The Volkswagen GTI is credited with being the original “hot hatchback” as its fun-to-drive nature was attribute to its high-performing four-cylinder engine, small dimensions, and stellar handling capabilities. However, what happens when you add a bigger engine and all-wheel drive? You get a Volkswagen R32.
The Volkswagen R32 first appeared for the 2004 model year and utilized the brand’s stout VR6 engine. However, for the 2008 model year, Volkswagen tweaked the engine a little and made the R32 more powerful and more capable than ever. And now, on the used market, the 2008 Volkswagen R32 is more affordable than ever.
The 2008 Volkswagen R32 was based on the Mk5 platform of the Golf body style. In comparison to the GTI at the time, the R32 offered about 50 more horsepower and forwent the addition of a turbocharger in favor of a bigger, narrow-angle V6 like it did in the past iteration.
The R32 was rare as Volkswagen only allotted to sell about 5,000 of them at the time and did actually develop a cult following after its departure in 2009. Hence the reason that the 2008 model is highly sought after nowadays.
Performance and drivetrain
The 2008 R32 was powered by a 3.2-liter VR6 engine that produced 250 horsepower and 236 lb-ft of torque, which was mated to a six-speed automated manual transmission.
While enthusiasts lamented over the lack of a manual-transmission option, the R32 still didn’t disappoint when it came to driving dynamics and performance. The super hatchback was able to get up to 60 mph in 5.8 seconds and down a quarter-mile in about 14.4 seconds.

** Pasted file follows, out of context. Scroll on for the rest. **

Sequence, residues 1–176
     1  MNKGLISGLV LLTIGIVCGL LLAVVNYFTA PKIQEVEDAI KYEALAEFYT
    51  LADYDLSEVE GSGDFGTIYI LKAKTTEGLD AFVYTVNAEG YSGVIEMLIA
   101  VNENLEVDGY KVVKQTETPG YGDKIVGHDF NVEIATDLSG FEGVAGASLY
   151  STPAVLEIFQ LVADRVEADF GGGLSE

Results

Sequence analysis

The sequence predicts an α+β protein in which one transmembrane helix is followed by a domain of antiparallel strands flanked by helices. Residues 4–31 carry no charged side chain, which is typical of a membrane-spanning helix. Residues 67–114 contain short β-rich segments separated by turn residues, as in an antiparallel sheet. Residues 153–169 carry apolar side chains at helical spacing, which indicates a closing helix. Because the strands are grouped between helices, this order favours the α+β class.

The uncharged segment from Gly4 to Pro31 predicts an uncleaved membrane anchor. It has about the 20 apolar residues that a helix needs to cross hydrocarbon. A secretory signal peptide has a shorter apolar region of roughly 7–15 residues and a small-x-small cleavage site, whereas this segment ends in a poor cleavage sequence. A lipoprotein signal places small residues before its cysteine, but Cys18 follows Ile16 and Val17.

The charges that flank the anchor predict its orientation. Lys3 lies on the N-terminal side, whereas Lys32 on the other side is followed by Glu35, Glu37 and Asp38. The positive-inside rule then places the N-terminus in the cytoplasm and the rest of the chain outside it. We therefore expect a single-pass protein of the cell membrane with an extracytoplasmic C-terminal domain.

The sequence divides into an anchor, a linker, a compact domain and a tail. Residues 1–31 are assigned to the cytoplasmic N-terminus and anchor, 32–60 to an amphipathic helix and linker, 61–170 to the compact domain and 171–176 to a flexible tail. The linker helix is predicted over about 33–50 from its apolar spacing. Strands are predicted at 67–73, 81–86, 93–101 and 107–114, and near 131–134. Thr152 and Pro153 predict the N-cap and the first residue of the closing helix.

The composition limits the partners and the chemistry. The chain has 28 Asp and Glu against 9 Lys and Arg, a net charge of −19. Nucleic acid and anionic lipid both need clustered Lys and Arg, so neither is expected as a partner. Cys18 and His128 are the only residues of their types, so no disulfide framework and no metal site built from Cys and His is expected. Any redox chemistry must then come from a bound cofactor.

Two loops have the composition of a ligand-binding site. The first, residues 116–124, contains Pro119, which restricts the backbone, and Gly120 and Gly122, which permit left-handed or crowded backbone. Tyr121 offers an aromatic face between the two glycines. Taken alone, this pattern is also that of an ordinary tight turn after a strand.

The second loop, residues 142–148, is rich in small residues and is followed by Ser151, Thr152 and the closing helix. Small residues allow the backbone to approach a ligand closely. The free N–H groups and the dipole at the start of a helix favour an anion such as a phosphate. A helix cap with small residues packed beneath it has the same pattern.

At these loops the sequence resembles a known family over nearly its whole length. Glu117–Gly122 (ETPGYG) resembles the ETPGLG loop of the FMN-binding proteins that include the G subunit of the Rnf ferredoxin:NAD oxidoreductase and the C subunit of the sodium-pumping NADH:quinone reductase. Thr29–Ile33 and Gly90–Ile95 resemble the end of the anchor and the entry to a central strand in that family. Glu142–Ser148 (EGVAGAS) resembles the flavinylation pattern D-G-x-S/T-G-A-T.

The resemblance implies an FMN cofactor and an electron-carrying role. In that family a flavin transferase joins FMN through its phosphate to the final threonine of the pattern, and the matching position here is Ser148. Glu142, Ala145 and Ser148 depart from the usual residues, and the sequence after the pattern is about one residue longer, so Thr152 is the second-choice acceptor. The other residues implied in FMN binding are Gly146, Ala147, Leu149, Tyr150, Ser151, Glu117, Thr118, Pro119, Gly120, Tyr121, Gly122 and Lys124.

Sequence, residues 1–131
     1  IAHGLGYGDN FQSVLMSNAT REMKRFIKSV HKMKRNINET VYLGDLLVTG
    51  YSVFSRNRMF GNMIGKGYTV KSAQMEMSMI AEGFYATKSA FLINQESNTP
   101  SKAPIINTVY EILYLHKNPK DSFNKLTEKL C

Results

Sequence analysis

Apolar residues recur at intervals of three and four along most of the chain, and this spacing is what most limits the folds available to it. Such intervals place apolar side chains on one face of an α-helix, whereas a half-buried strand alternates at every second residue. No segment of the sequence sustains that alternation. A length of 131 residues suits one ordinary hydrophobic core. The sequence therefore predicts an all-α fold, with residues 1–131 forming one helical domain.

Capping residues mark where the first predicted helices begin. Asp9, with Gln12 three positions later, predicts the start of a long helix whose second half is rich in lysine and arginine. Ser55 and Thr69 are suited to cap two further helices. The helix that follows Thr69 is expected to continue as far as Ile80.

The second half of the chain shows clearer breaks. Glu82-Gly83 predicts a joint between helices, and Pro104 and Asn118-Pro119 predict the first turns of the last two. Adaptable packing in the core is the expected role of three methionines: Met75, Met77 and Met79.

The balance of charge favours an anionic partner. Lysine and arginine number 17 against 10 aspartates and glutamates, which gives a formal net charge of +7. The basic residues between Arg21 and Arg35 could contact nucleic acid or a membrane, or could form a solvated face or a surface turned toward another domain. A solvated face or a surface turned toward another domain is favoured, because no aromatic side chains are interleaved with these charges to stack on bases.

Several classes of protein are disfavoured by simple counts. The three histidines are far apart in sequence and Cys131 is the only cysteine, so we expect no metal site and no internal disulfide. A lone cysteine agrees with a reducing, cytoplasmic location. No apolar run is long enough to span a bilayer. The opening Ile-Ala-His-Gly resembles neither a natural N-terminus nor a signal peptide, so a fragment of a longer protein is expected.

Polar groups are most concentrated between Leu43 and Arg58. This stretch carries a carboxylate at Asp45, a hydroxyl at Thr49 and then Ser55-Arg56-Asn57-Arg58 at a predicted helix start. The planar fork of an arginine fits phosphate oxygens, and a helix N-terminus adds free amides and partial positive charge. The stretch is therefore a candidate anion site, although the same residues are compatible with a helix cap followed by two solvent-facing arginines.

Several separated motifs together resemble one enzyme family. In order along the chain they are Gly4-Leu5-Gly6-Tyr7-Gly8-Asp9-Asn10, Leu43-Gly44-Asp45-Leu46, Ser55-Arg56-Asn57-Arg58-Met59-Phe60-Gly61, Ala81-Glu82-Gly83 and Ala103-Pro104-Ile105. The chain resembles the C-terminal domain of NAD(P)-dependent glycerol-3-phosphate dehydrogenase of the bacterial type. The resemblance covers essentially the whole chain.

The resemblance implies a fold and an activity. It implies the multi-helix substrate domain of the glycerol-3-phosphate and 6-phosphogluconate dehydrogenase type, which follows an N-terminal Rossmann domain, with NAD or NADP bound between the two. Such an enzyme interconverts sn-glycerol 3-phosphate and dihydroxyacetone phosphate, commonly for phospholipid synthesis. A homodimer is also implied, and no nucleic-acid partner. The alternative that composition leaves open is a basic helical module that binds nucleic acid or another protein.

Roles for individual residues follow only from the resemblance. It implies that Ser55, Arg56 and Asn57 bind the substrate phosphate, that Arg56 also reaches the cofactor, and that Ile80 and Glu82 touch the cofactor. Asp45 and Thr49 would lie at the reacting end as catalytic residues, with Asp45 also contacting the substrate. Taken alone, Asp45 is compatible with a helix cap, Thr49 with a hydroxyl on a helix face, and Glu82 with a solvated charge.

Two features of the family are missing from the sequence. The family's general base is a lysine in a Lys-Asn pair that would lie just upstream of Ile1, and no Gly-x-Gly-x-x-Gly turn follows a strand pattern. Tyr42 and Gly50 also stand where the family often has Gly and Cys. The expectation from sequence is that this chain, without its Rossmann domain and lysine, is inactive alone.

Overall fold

For reference, it was half a second quicker to 60 than its GTI counterpart and 0.3 seconds quicker down the drag strip. The improved performance was attributed to the car’s improved, and stiffer, suspension setup and the 4Motion all-wheel-drive system. Which is known as “Quattro” in another brand.
The 2008 Volkswagen R32 was only offered in a two-door hatchback body style. While a four-door variant might have boosted sales, thanks to more practicality, Volkswagen decided to stick with a sportier two-door format, possibly for the looks.
The rest of the R32’s body looked entirely similar to the Volkswagen GTI except for the center-mounted dual exhaust tips, multi-spoke 18-inch wheels, bi-xenon headlights, and R32 badging.
Considering that the R32 used an all-wheel-drive system and a heavier engine, it ended up being a little over 300 pounds heavier than the GTI at the time. As such, fuel economy took a little bit of a hit at the R32 was rated at 18 in the city and 23 on the highway.
By comparison, the GTI achieved 22 in the city and 29 on the highway.
Get one while you can
The 2008 Volkswagen R32 models are becoming more and more scarce as time goes on, so it’s a great time to pick one up now. When it was new, the R32 retailed for around $32,000, which was $10,000 more than the GTI.
While that might not have been worth it then, it’s definitely worth it now as you can find them on the used market for anywhere between $7,000 and $18,000 depending on the location, condition, and mileage of the car.
That’s a great bargain, considering you’re getting a fun, sporty hatchback that has loads of performance and can be driven in all types of weather.